While stuck in rush-hour traffic in Omaha the other day, I remembered some advice taught by one of my old gurus. “Whatever you intend to do, you should pave the road wide enough so that everyone is capable of traveling upon it.” The corollary being the implication that a narrow, restricted path may not even be suitable for oneself to walk. As my eyes skimmed over the multi-lane, Interstate highway, westbound traffic was jammed. It looked like the entire world wanted to leave Omaha.
Of course, the guru’s advice was in the form of an allegory, not exclusive advise to highway planners. Naturally, civil engineers would benefit from it too, while drawing up blueprints for highways. The gist of the advice refers to inclusivity. In the worlds of education, commerce, industry, and entertainment, having a “wide road” ensures that people have equal opportunities, equal pay, and are not discriminated against. The “wide road” allows people of diverse backgrounds to work and play as equals. The practice of inclusivity encourages equal participation and advancement for anyone willing to work and strive in their fields of endeavor.
Regardless of whether you are the hiring manager of a company or the person in charge of college admissions, having females, people of color, and LGBT will be of benefit. Any organization that discriminates against minorities will miss out on the hidden talent and motivation that are found in minority populations. The organization with the “wide road” has better odds of beating the competition and serving the public.
There is a world of difference between grudgingly allowing people to participate versus valuing the diversity of anyone willing to work as part of the team. Smart, diverse groups can do amazing things and are able to take on improbable things. People from various backgrounds see challenges from different perspectives so they are able to contribute to strategizing, risk management, discussion, planning, and outcomes. This disproves the notion that claims diversity is a matter of political correctness. In actuality, diversity has been shown as key to growth and productivity.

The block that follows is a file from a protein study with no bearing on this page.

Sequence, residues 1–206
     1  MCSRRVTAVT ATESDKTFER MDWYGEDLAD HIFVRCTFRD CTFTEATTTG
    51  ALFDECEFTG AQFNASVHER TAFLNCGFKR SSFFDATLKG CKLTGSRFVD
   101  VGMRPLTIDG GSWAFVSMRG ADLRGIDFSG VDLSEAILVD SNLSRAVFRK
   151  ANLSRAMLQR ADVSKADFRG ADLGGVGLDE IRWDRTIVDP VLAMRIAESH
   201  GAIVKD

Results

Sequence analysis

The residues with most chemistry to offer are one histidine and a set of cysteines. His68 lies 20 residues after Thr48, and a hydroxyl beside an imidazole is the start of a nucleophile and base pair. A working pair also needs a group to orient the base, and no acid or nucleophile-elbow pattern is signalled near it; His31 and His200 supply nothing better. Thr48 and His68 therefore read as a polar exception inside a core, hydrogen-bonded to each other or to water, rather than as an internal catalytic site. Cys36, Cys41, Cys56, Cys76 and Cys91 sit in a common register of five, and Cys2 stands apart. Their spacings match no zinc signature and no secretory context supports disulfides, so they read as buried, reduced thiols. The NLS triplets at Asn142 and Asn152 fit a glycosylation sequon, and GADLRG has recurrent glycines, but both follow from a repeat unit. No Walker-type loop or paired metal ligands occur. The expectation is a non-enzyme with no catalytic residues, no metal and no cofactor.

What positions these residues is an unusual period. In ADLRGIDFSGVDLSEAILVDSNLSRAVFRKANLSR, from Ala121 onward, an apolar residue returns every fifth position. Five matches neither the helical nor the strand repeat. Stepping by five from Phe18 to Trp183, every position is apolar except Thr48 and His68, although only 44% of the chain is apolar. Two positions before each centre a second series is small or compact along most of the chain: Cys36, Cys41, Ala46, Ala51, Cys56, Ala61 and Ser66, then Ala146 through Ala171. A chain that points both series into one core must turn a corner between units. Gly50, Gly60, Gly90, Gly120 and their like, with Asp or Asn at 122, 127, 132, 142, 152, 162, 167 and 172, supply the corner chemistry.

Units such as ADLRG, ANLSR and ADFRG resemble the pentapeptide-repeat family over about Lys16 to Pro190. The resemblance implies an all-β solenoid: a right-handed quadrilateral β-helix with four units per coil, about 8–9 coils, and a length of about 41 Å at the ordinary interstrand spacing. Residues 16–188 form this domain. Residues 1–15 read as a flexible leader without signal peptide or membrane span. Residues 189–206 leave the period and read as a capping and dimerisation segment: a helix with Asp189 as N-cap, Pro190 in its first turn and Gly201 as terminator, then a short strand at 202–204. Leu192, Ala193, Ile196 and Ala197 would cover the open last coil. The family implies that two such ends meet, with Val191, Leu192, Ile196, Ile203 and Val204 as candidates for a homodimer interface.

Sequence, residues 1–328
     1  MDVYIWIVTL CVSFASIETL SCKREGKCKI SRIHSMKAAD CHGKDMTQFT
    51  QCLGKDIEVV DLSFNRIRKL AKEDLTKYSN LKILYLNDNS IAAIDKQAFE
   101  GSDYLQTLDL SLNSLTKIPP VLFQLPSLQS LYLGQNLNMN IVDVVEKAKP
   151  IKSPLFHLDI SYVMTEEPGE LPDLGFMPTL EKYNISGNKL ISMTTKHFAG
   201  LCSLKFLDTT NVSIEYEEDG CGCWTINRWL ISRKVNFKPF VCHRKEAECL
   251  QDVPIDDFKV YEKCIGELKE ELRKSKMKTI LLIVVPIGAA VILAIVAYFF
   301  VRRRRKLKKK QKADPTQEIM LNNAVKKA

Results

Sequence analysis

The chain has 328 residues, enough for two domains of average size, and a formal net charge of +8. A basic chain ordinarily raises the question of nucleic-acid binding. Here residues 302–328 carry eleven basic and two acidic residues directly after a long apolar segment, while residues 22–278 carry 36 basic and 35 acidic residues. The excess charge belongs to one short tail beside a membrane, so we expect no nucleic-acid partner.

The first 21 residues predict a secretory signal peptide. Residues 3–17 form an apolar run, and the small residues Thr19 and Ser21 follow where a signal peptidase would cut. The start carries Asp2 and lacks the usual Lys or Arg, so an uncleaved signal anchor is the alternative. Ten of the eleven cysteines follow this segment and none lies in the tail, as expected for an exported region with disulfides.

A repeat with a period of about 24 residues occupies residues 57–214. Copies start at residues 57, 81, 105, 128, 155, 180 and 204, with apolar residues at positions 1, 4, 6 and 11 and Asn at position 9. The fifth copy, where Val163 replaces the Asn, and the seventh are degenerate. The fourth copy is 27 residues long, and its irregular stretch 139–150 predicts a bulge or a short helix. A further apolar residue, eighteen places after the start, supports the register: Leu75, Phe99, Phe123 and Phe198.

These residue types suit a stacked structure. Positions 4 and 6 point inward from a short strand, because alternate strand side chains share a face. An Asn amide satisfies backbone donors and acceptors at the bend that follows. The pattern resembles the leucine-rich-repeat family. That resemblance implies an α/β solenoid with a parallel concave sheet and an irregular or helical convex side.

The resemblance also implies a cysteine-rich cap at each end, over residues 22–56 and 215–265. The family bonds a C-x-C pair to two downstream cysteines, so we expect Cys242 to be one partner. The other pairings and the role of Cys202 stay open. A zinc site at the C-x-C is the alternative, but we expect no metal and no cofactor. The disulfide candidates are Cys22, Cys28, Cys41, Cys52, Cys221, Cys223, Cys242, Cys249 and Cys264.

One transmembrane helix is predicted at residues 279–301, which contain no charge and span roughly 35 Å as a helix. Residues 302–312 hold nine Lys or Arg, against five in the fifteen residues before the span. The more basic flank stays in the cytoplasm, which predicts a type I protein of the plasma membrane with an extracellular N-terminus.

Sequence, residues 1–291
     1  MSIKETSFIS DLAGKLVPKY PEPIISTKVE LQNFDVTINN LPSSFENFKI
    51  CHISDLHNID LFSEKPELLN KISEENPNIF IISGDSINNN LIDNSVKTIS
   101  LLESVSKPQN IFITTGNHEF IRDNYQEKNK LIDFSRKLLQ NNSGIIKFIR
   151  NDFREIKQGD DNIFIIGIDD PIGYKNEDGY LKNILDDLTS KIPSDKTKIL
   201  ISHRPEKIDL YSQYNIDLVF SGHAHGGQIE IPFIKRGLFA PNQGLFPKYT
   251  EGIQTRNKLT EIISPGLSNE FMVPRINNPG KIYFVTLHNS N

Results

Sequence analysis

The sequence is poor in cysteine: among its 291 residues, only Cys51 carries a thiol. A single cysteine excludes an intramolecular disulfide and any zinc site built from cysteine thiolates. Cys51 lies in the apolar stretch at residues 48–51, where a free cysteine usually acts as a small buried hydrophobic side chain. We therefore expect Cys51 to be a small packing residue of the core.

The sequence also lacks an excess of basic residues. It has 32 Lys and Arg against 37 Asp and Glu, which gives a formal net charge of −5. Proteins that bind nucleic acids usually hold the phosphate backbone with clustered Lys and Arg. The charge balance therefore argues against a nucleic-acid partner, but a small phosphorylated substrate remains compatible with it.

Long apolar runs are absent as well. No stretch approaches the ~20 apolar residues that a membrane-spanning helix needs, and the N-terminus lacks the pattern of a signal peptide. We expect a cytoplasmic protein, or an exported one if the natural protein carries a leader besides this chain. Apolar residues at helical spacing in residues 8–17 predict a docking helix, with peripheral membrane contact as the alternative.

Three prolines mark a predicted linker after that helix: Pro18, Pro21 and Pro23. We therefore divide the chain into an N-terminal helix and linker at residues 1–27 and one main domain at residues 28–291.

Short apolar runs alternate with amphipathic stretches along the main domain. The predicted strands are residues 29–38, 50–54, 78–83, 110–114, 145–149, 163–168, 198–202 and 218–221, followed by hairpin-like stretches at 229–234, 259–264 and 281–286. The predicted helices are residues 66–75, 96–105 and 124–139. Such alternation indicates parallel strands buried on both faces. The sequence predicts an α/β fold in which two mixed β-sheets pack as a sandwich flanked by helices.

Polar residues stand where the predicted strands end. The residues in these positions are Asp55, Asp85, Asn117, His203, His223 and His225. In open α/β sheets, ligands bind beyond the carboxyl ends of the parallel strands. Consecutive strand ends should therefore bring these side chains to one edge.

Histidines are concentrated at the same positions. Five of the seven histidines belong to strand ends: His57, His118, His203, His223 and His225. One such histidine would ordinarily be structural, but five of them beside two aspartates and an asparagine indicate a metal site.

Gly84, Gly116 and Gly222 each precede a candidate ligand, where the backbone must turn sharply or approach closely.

Despite more general awareness and openness about diversity, the topic remains uncomfortable in many circles because dialogue about less familiar people is often difficult. However, once we get past these mental roadblocks it becomes easier to promote the culture of acceptance and inclusion. Every capable leader has the responsibility to do so. An inclusive dialogue brings about more comfort and less fear about saying the wrong things.
Regardless of corporate environments or social circles, treating people equally, regardless of their background and their roles is important. This is key because we don’t always know who we’re talking to and their past experiences. It’s just sensible to engage people equally on a level playing field.
We shouldn’t need to rehash this subject in this modern day and age. However, there are powerful, voices and organizations that advocate rescinding past gains. Some are laying the groundwork to destroy the “wide road” of inclusivity. They are raising the spectre of restricting voting rights, gender inequality, and reestablishing cultural divides. They feel threatened by the progress society has made during the past several decades. The “us versus them” mentality is a deadend road. It behooves us to remain alert regarding efforts to abridge freedom and liberty for all.
After all, diversity is akin to being invited to attend a party; inclusion is being asked to dance to the music.
The Blue Jay of Happiness quotes engineer and industrialist, Soichiro Honda. “If you hire only those people you understand, the company will never get people better than you are. Always remember that you often find outstanding people among those you don’t particularly like.”